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Friday, July 25, 2014
Trinidad & Tobago Guardian Online
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Sparrow - Our Beatle, Our Marley
The Mighty Sparrow has proved himself as the quintessential calypsonian, par excellence, with more than 70 albums to his credit. He is richly endowed with many gifts
He possesses an amazing ability not only to put into works and tempo the exploits of society, but to crown it all with showmanship and appeal. His great contribution to the art form and our lives has unraveled the mysteries of Caribbean life, leaving the professionally trained sociologist and economist befuddled.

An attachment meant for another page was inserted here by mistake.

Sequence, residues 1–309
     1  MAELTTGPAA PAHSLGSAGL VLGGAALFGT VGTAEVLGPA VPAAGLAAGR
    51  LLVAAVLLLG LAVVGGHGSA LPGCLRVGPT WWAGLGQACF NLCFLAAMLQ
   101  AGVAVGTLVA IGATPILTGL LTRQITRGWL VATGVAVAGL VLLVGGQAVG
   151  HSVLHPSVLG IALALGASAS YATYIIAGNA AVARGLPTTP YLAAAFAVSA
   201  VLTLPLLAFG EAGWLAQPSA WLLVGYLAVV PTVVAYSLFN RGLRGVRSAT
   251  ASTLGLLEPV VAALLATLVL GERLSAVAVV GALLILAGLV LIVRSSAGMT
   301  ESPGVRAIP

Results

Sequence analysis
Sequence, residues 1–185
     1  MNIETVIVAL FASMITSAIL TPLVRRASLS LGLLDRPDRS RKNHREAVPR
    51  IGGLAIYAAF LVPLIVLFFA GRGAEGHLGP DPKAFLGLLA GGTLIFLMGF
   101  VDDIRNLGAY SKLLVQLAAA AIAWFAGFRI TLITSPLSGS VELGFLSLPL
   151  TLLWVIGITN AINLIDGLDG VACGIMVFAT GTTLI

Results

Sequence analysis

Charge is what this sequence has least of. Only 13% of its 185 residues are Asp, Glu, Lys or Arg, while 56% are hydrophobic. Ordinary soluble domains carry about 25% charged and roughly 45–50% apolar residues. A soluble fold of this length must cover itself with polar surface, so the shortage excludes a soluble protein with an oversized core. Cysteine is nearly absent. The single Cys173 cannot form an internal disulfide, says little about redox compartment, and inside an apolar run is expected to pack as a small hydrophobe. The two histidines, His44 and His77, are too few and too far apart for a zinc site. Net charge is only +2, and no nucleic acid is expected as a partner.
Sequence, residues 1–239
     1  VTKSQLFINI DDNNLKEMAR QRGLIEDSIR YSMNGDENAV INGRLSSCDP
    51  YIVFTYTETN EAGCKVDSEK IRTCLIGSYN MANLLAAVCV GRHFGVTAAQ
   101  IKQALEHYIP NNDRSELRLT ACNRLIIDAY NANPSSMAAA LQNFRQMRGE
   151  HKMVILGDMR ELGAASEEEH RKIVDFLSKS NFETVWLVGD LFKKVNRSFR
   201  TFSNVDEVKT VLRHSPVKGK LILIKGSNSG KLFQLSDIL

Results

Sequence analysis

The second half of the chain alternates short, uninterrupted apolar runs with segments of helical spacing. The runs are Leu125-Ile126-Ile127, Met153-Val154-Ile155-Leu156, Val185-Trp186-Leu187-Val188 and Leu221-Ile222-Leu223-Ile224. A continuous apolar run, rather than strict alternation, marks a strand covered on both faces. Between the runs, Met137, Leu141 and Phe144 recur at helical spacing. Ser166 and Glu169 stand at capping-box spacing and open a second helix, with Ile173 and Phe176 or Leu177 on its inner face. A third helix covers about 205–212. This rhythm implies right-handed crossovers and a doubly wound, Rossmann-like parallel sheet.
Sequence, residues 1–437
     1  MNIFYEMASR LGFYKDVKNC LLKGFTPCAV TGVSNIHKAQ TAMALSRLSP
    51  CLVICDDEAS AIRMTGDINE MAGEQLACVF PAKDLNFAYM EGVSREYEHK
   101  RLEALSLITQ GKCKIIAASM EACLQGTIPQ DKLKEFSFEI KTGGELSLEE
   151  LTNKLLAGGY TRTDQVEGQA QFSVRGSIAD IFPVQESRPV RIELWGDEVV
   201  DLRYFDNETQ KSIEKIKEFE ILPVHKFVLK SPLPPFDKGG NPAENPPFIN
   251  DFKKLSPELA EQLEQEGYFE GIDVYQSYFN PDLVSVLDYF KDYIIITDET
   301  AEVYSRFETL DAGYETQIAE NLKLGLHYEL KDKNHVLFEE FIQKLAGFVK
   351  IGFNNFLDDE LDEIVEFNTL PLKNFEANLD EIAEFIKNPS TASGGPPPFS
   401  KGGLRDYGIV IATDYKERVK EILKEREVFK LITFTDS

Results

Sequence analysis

A combination of talent, hard work and opportunity enabled Sparrow's ascendancy to Calypso King of the World. He brought honor, glory and dignity to an indigenous art form that was once scorned upon by the elite of Caribbean society. He is one extraordinary entertainer who utilises the medium he masters not just to entertain but also to edify, enlighten, and educate.
The T&T Guardian spoke with a range of people connected with culture in this country to hear what they feel Sparrow’s impact has been on our national life and culture.
“His music we all grew up with, and even as it is played years later to a new generation it still remains fresh. The work of a true maestro.....a class act!” - Gerald Agostini, broadcaster and advertising specialist.